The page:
Product assessment is widely applied in creative studies, typically as an important dependent measure. Within this context, this study had 2 purposes. First, the focus of this research was on methods for investigating possible rater effects, an issue that has not received a great deal of attention in past creativity studies. Second, the substantive question of whether restrictions on materials used and differences in instructions provided would influence outcomes on measures of creativity was considered. The many-facet Rasch model was used to investigate possible sources of rater bias, including the leniency/severity effect, central tendency effect, halo effect and randomness effect. No indications were found that these potential sources of bias strongly influenced the ratings. The result indicated that the examinees could be reliably differentiated in terms of their performance. Analysis of rater-criterion interactions depicted rater behavior more clearly and, it is suggested, can be of use as a tool for rater training in future studies. In terms of the substantive questions posed, 2 × 2 experimental instructions were manipulated and it was found that different instructions did not affect creative performance. The implications of these findings are discussed.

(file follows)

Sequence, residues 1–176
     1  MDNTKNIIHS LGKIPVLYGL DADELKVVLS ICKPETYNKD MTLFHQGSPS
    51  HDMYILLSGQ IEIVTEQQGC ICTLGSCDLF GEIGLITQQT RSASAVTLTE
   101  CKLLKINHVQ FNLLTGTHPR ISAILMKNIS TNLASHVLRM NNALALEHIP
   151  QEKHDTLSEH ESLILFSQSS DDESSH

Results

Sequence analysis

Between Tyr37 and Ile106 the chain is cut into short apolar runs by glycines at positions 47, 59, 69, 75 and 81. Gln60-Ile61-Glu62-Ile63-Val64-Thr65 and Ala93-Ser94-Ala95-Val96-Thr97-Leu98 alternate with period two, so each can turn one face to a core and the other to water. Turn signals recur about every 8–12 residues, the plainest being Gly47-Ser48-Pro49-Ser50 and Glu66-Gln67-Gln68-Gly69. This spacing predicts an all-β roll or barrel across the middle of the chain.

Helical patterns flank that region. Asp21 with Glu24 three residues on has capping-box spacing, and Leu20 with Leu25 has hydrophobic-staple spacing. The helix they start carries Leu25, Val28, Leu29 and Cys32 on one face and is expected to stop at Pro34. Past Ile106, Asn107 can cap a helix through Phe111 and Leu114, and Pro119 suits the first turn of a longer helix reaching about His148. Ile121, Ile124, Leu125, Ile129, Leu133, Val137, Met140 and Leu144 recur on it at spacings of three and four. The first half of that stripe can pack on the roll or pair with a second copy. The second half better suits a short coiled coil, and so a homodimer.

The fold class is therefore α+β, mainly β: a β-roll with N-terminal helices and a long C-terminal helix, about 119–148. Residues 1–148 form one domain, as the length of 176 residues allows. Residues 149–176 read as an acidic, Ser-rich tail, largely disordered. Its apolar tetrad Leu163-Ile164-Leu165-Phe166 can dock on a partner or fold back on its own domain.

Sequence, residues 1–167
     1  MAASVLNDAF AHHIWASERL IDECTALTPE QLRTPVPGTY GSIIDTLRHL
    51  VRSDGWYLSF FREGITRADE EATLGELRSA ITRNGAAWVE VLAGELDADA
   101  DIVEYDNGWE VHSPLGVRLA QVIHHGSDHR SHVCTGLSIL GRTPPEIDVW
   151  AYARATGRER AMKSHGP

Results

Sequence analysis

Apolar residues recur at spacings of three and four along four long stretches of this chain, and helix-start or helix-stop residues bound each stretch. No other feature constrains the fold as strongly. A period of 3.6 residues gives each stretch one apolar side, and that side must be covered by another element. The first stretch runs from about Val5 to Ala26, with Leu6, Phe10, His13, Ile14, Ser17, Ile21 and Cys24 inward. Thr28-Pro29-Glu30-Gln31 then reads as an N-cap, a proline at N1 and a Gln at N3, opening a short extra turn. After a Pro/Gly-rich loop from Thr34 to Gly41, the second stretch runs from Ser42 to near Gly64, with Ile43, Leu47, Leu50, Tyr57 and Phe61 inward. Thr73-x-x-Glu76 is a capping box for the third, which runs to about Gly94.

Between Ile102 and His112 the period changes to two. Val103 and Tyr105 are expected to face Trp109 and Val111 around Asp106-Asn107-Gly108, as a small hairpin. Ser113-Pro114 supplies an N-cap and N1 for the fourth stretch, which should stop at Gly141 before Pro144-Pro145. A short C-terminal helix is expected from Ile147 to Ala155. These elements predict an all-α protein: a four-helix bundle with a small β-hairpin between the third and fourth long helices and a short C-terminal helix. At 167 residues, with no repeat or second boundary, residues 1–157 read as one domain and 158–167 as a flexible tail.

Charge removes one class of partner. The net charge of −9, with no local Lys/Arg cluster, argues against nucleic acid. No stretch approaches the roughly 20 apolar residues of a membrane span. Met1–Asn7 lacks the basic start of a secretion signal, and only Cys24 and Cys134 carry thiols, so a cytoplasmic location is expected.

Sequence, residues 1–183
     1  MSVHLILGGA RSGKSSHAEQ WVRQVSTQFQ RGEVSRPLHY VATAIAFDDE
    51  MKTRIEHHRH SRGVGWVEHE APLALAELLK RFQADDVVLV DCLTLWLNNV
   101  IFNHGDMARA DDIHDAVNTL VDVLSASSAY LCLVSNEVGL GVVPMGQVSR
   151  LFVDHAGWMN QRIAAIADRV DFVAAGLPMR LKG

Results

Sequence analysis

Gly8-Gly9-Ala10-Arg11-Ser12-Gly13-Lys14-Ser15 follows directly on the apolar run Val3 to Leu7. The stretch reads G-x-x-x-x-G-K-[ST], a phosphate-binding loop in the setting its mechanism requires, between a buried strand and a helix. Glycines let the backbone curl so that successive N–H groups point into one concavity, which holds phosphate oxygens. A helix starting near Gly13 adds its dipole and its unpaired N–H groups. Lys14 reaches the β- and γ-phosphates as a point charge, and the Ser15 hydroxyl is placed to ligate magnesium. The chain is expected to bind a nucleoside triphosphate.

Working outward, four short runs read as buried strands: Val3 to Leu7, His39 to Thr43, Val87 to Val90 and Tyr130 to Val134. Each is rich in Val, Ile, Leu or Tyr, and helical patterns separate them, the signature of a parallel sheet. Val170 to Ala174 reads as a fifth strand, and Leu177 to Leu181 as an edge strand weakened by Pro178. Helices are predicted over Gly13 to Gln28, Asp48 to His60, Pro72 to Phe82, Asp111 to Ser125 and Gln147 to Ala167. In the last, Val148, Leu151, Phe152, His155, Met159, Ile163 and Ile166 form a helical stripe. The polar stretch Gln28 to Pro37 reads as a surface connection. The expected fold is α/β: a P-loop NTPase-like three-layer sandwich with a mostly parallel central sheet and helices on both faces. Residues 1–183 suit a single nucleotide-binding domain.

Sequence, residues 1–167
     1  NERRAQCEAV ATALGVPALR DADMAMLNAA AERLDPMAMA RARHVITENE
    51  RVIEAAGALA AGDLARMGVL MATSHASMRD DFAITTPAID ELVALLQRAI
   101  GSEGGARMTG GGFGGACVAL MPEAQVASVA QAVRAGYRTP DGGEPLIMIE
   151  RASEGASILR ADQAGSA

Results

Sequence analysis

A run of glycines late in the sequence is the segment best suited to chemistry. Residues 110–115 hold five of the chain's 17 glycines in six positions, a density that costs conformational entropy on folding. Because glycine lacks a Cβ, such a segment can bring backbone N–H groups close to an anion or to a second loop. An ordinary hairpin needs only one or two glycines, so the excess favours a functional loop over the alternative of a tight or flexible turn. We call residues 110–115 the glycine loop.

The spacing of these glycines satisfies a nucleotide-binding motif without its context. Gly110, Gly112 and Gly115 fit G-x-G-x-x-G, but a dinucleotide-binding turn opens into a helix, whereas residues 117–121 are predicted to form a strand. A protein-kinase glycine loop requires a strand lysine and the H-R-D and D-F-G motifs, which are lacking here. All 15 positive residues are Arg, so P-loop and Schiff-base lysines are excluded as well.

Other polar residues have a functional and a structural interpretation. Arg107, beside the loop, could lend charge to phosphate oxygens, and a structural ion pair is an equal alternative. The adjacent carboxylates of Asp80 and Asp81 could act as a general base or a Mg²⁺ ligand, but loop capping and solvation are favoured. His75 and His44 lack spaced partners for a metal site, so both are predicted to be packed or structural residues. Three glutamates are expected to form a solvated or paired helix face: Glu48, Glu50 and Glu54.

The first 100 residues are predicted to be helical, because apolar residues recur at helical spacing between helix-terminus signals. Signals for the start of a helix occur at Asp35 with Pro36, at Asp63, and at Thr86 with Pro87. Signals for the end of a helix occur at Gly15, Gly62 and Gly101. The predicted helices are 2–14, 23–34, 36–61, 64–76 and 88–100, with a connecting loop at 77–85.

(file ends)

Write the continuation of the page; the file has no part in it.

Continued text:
ASJC Scopus subject areas
- Visual Arts and Performing Arts
- Developmental and Educational Psychology
- Psychology (miscellaneous)